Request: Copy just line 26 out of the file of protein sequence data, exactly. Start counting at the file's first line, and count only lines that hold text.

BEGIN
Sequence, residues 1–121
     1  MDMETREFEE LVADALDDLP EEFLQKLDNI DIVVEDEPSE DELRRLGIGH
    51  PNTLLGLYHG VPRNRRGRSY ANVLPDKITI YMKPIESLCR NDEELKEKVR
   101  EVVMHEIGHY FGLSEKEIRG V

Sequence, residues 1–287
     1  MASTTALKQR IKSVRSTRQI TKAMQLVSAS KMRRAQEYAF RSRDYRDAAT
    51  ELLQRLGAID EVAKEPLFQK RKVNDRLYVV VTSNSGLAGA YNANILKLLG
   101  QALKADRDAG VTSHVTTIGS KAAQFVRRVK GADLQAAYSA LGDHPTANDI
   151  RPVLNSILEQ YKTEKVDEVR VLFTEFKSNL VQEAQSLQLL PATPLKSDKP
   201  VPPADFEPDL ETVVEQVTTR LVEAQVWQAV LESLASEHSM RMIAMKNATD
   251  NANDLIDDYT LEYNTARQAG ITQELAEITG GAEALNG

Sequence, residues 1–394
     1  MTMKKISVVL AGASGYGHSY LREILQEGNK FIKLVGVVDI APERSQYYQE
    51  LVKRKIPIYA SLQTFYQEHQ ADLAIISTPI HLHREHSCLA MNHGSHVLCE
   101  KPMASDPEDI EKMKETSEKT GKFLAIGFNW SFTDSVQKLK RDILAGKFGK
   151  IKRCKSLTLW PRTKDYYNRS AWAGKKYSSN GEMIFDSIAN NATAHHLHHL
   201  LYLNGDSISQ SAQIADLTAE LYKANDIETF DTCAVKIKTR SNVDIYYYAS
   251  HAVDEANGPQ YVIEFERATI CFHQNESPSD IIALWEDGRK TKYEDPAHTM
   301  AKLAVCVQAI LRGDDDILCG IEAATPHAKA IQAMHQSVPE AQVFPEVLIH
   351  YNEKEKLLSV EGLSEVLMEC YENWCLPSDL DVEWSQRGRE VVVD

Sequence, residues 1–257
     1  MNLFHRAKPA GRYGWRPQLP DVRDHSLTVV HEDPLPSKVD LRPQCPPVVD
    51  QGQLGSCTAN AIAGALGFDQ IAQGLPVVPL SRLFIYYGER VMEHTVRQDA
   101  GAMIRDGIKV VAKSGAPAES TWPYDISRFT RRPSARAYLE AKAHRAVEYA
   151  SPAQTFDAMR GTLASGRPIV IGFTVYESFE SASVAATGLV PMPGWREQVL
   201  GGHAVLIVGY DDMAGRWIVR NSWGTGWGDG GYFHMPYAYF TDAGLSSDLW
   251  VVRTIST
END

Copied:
   201  GGHAVLIVGY DDMAGRWIVR NSWGTGWGDG GYFHMPYAYF TDAGLSSDLW